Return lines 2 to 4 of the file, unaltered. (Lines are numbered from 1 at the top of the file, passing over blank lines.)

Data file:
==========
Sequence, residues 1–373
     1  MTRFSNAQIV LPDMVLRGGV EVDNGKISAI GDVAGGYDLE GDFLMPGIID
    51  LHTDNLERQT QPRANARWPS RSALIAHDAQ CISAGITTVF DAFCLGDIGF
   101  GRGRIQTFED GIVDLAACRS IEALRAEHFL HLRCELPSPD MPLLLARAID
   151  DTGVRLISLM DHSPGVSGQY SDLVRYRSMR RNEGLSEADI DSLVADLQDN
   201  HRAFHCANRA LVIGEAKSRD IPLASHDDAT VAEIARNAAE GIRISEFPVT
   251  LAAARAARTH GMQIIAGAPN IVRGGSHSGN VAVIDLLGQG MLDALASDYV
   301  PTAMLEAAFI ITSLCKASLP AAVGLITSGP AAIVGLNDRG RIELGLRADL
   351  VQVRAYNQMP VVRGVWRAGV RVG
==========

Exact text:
     1  MTRFSNAQIV LPDMVLRGGV EVDNGKISAI GDVAGGYDLE GDFLMPGIID
    51  LHTDNLERQT QPRANARWPS RSALIAHDAQ CISAGITTVF DAFCLGDIGF
   101  GRGRIQTFED GIVDLAACRS IEALRAEHFL HLRCELPSPD MPLLLARAID